Moody's Investors Service ("Moody's") has completed a periodic review of the ratings of Orbcomm, Inc and other ratings that are associated with the same analytical unit. The review was conducted through a portfolio review in which Moody's reassessed the appropriateness of the ratings in the context of the relevant principal methodology(ies), recent developments, and a comparison of the financial and operating profile to similarly rated peers. This publication does not announce a credit rating action and is not an indication of whether or not a credit rating action is likely in the near future.
Inmarsat, the British satellite firm being acquired by a private equity-led consortium, has rejected a call by investor Oaktree Capital to delay the takeover court hearing until there is clarity on the status of its U.S. spectrum holdings. Oaktree Capital, which owns a 2.85% stake in Inmarsat, called on the board to delay the Nov. 12 meeting because it said U.S. regulator FCC would likely make a key ruling on the airwaves shortly that could affect the value of the company. Inmarsat said it was aware of the recent commentary regarding the potential Ligado licence modification, and it was continuing to monitor developments.
The British government on Tuesday cleared the acquisition of satellite communications company Inmarsat by a private equity consortium after it accepted undertakings given by the acquirer relating to national security. The consortium of UK-based Apax partners, US-based Warburg Pincus and two Canadian pension funds agreed to buy the provider of satellite communications to shipping, aircraft and governments for $3.4 billion in March.
UK telecommunications and satellite operator Inmarsat on Monday revised its US$1.75bn leveraged loan as investors, wary of a cooling economy, raised concerns about the company's leverage, limited cash flow and increased competition in the telecommunications and satellite operations industry, sources familiar with the transaction told Refinitiv LPC. Inmarsat, which will use the term loan B to support its purchase by a consortium of investors led by Apax Partners, decreased the size of the term loan B by US$700m from US$2.7bn and increased its concurrent bond to US$1.825bn from US$1.125bn on September 20.
The B1 rating on the USD 1.125 billion of bond debt reflects its pari-passu ranking with the B1 rated USD2.7 billion term loan B and the B1 rated USD700 million of revolving Credit Facility (RCF, due 2024) being issued by the same entities.
Moody's Investors Service ("Moody's") has today assigned a B1 corporate family rating (CFR) and B1-PD probability of default rating (PDR) to Connect Bidco Limited ('Connect Bidco'), the top-entity of the ring-fenced group that will acquire and ultimately own Inmarsat plc ('Inmarsat') (Connect Bidco Limited is a joint venture company formed by private equity groups Apax and Warburg Pincus alongside Canada's CPPIB and Ontario Teachers' Pension Plan Board). The agency has also assigned B1 ratings to the USD2.7 billion term loan B (due 2026) and USD700 million of revolving Credit Facility (RCF, due 2024) being issued by Connect Finco Sarl and Connect U.S. Finco LLC (a newly formed entity to be a subsidiary of Connect Bidco) in order to pre-fund the acquisition transaction expected to be completed before year-end 2019.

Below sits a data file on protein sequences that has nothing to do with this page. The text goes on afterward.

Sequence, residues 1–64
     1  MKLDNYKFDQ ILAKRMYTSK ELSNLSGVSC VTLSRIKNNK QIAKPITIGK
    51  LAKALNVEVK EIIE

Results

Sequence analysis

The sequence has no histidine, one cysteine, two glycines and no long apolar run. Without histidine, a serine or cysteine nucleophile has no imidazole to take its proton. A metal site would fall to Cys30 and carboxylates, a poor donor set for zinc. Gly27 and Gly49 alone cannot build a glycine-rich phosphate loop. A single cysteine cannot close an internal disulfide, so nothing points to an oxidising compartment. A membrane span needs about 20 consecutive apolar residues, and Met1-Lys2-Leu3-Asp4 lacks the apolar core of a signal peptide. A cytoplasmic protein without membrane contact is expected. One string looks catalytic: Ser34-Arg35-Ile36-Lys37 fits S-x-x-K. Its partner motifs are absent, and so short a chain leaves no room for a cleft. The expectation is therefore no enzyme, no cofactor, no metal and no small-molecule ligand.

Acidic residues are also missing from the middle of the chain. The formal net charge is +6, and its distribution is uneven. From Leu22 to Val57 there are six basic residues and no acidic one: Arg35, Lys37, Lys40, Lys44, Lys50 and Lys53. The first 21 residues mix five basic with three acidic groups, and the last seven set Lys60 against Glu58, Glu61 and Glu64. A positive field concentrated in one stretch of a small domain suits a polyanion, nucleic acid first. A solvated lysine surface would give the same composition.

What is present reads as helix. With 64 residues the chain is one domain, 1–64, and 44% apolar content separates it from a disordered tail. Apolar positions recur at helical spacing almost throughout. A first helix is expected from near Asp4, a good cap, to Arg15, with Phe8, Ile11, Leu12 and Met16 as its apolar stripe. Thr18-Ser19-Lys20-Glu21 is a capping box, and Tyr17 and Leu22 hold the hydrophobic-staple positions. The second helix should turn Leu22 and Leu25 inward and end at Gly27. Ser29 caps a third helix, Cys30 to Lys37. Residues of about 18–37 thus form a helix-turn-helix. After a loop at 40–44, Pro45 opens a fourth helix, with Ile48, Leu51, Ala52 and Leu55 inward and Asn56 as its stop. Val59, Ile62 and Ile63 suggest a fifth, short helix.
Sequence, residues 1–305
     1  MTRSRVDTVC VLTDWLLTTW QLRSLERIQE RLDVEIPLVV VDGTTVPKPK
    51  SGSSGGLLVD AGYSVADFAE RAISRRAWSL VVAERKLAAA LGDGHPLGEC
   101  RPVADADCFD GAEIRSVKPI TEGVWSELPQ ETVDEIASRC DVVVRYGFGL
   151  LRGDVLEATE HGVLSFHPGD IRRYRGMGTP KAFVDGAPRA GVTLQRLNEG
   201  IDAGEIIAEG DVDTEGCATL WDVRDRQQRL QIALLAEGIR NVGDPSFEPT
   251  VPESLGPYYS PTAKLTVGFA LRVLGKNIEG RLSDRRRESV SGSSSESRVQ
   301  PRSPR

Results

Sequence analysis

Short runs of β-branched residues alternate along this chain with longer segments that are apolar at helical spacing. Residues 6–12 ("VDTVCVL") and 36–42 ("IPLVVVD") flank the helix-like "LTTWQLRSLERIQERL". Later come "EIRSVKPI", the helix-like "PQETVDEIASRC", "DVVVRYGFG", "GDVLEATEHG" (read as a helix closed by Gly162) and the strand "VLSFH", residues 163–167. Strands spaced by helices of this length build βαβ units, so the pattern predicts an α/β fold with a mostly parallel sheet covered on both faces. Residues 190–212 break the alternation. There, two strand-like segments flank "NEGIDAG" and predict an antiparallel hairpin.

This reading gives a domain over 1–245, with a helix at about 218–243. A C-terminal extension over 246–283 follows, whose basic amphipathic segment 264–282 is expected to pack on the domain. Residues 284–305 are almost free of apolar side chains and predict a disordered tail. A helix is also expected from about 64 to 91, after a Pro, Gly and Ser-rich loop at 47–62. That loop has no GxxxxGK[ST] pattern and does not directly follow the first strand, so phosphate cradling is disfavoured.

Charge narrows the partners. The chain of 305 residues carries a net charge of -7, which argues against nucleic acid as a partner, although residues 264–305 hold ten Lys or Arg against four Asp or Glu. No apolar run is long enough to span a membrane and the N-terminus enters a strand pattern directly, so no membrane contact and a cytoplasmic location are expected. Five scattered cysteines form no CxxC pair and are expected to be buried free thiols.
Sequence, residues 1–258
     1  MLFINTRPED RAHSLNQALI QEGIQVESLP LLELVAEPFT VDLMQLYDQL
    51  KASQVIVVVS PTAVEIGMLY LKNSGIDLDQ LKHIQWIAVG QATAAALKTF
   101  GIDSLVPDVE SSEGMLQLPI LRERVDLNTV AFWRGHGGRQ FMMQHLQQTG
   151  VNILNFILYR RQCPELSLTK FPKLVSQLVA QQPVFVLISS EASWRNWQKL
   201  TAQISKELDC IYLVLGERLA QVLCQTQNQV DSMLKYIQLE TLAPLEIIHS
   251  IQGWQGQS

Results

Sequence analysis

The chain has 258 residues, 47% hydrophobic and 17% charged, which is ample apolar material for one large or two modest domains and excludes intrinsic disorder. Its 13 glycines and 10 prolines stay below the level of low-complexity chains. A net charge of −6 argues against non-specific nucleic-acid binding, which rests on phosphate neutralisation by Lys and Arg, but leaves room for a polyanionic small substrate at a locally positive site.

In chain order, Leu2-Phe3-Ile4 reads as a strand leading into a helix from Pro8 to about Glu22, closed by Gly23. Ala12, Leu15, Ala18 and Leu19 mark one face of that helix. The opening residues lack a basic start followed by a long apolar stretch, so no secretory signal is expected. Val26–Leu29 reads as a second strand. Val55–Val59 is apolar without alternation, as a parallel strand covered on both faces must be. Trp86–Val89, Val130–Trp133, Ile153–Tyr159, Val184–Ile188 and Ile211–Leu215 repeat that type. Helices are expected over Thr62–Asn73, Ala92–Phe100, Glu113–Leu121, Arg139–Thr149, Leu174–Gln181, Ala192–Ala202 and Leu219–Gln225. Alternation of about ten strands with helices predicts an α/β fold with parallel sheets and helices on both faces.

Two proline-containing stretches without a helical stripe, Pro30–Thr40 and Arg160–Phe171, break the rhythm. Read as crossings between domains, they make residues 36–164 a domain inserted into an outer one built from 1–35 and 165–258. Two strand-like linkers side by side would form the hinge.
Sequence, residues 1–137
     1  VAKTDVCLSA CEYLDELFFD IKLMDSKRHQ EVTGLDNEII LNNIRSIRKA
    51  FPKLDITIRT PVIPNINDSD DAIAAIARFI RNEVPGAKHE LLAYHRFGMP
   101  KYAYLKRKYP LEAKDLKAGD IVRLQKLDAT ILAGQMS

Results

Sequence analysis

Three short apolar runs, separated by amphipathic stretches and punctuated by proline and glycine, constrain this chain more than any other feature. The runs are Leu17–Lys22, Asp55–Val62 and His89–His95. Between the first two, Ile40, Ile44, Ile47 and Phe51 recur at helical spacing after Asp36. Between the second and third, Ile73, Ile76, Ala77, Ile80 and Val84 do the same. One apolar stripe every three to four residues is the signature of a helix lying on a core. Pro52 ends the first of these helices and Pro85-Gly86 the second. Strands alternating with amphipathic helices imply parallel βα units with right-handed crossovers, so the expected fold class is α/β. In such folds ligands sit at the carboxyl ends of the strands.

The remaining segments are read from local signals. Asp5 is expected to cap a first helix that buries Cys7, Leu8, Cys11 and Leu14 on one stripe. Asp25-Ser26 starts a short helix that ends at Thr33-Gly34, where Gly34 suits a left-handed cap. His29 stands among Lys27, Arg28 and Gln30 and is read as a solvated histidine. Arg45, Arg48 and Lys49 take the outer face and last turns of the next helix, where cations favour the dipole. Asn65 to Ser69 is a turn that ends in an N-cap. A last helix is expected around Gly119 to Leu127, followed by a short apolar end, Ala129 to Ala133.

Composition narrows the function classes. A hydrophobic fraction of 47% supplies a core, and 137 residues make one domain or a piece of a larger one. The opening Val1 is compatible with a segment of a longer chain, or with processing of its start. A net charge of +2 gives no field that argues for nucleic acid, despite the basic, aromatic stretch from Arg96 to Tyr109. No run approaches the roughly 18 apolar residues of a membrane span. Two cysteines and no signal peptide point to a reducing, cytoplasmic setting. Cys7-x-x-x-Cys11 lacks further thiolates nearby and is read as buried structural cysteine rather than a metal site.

Britain said on Monday it would scrutinise the acquisition of satellite communications firm Inmarsat by a private equity-led consortium to examine any potential impact on national security. Inmarsat, which provides communications to shipping, aircraft, military forces and other groups worldwide, agreed in March to be acquired for $3.4 billion in cash by a consortium comprising Apax, Warburg Pincus, Canada Pension Plan Investment Board and the Ontario Teachers' Pension Plan. The British government said the Competition and Markets Authority would examine the competition and national security aspects of the deal, and would submit a report to the relevant minister by Sept. 17.
The Competition and Markets Authority (CMA) said on Tuesday it was looking into whether the proposed acquisition of Britain's largest satellite company Inmarsat by a private equity-led consortium would affect the competitive landscape. The review comes amid a tough regulatory environment for mergers and acquisitions (M&A), with the CMA previously blocking Sainsbury's 7.3 billion pound takeover of Walmart-owned Asda in April. Founded in 1979, Inmarsat was set up by the International Maritime Organization as a way for ships to communicate with shore and make emergency calls.